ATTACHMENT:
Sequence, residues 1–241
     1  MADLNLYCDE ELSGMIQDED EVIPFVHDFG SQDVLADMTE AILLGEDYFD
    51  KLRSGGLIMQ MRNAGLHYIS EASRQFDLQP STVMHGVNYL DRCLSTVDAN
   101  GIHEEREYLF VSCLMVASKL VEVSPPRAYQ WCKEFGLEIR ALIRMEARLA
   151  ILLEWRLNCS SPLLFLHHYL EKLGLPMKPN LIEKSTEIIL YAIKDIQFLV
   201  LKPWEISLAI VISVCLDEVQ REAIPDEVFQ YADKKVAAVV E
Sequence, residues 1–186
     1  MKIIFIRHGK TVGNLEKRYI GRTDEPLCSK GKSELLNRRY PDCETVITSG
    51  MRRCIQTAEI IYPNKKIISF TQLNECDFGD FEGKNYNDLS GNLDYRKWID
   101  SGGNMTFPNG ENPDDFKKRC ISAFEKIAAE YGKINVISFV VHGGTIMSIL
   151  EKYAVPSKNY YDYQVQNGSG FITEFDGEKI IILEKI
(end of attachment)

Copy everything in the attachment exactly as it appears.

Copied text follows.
Sequence, residues 1–241
     1  MADLNLYCDE ELSGMIQDED EVIPFVHDFG SQDVLADMTE AILLGEDYFD
    51  KLRSGGLIMQ MRNAGLHYIS EASRQFDLQP STVMHGVNYL DRCLSTVDAN
   101  GIHEEREYLF VSCLMVASKL VEVSPPRAYQ WCKEFGLEIR ALIRMEARLA
   151  ILLEWRLNCS SPLLFLHHYL EKLGLPMKPN LIEKSTEIIL YAIKDIQFLV
   201  LKPWEISLAI VISVCLDEVQ REAIPDEVFQ YADKKVAAVV E
Sequence, residues 1–186
     1  MKIIFIRHGK TVGNLEKRYI GRTDEPLCSK GKSELLNRRY PDCETVITSG
    51  MRRCIQTAEI IYPNKKIISF TQLNECDFGD FEGKNYNDLS GNLDYRKWID
   101  SGGNMTFPNG ENPDDFKKRC ISAFEKIAAE YGKINVISFV VHGGTIMSIL
   151  EKYAVPSKNY YDYQVQNGSG FITEFDGEKI IILEKI